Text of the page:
“…first predicted collision date is just 10 years from now.”
Princeton University graduate, physicist Jay Melosh’s golden tips on how to avoid an asteroid collision with our planet and the thousands of deaths that that would entail have emerged only now, with the closest predicted year when it may happen being 2029. Yet, NASA came to believe several years ago, that it is a bit more likely to occur in 2068.
Jay Melosh, an American geophysicist whose scientific interests involve impact cratering estimates, played out a shocking scenario, of a gigantic, 370-metre wide asteroid, code named Apophis 99942, coming into direct contact with Earth.
As early as 2004, when the asteroid was first spotted, NASA suggested that a collision might happen in 2029, with the year further changed to 2036, and finally to 2068, with the space agency admitting on 21 February 2013 that there is a 1/150,000 chance of a direct impact with Earth in 50 years’ time.
Melosh, who completed his physics and geology degrees at Princeton University, outlined the scenario in Amazon Prime’s “Asteroid Trackers” as early as in 2009, but its relevance is particularly well-felt as of today, as the first predicted collision date is just 10 years from now.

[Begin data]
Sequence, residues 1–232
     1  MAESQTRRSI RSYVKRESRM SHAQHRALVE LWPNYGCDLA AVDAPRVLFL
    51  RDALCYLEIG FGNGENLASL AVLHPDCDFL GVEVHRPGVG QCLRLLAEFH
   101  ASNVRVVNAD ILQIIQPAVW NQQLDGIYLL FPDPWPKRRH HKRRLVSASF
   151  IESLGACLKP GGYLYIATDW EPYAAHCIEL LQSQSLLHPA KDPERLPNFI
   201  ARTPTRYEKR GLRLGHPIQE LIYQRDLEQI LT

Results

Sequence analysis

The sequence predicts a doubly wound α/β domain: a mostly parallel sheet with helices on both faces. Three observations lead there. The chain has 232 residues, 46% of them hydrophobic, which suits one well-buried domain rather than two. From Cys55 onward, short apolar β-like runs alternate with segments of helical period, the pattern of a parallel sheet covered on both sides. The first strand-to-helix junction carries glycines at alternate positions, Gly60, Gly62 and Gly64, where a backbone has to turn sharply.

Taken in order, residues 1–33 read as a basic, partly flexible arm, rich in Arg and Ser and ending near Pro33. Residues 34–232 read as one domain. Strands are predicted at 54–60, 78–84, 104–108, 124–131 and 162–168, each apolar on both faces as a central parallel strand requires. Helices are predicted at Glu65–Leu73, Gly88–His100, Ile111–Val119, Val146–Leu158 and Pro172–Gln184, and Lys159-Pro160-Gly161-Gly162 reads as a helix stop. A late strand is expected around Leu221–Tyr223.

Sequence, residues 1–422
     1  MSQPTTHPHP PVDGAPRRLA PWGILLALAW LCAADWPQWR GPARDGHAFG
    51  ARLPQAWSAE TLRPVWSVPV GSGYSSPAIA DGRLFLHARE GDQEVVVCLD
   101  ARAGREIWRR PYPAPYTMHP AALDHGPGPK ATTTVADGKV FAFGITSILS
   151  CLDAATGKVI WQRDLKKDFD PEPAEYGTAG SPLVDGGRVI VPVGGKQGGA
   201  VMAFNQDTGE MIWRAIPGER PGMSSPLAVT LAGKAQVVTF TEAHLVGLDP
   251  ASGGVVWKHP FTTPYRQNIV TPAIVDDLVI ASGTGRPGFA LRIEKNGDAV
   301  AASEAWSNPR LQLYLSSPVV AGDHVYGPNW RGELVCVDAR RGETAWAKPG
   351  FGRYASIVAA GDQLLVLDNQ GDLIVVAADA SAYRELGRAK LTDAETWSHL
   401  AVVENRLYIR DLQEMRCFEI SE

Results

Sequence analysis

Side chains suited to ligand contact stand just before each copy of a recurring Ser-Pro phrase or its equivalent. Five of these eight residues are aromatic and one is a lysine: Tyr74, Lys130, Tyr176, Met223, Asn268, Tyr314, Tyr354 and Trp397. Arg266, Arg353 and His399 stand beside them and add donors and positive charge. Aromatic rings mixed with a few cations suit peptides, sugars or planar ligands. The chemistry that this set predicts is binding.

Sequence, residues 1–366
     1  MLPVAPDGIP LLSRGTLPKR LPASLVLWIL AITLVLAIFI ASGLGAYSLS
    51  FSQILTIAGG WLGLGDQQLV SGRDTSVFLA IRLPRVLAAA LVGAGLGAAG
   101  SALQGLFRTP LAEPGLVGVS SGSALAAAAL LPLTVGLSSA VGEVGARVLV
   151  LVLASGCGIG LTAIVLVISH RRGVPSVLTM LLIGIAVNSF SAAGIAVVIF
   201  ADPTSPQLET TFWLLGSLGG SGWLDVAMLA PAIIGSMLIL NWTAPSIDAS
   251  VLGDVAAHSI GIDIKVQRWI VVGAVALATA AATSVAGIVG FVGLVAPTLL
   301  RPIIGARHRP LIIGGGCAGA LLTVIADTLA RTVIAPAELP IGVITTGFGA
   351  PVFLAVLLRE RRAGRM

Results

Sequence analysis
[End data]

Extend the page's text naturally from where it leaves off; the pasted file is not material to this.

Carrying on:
“In space, we would use a mirror like a magnifying glass. As we hit the asteroid, we begin to vaporise material and, as it vaporises, the asteroid gets pushed the other way”, he said, adding that all that needs to be done is the velocity of the asteroid to undergo a minute change of one centimetre a second.
Melosh expressed certainty that this tiny annual shift away “will push it off a collision course and save Earth”.
He previously voiced a chilling assumption that if Apophis or a similar-sized space rock did strike Earth, then it could wipe out a whole city, or the lion’s share of one.
“If something like Apophis were to strike a city – let’s say it fell on Boston – it could create a ten-kilometre-wide crater. Almost all of metropolitan Boston would be destroyed”, Melosh shared, providing a scary description of the way humans would feel should this happen, such as an intolerable heat, like of “there were six suns in the sky”.
“Clothing would ignite, you would suffer third-degree burns, it would be devastating”, Melosh summed up.
Meanwhile, the European Space Agency’s Near-Earth Object Coordination Centre is increasingly concerned about another space rock, the asteroid 2018XB4, which was only discovered in December 2018 and is preliminarily estimated to be about 70 meters in diameter. It has recently been included in the top 10 potentially most hazardous Near Earth Objects (NEOs/) and currently ranks fifth on the list.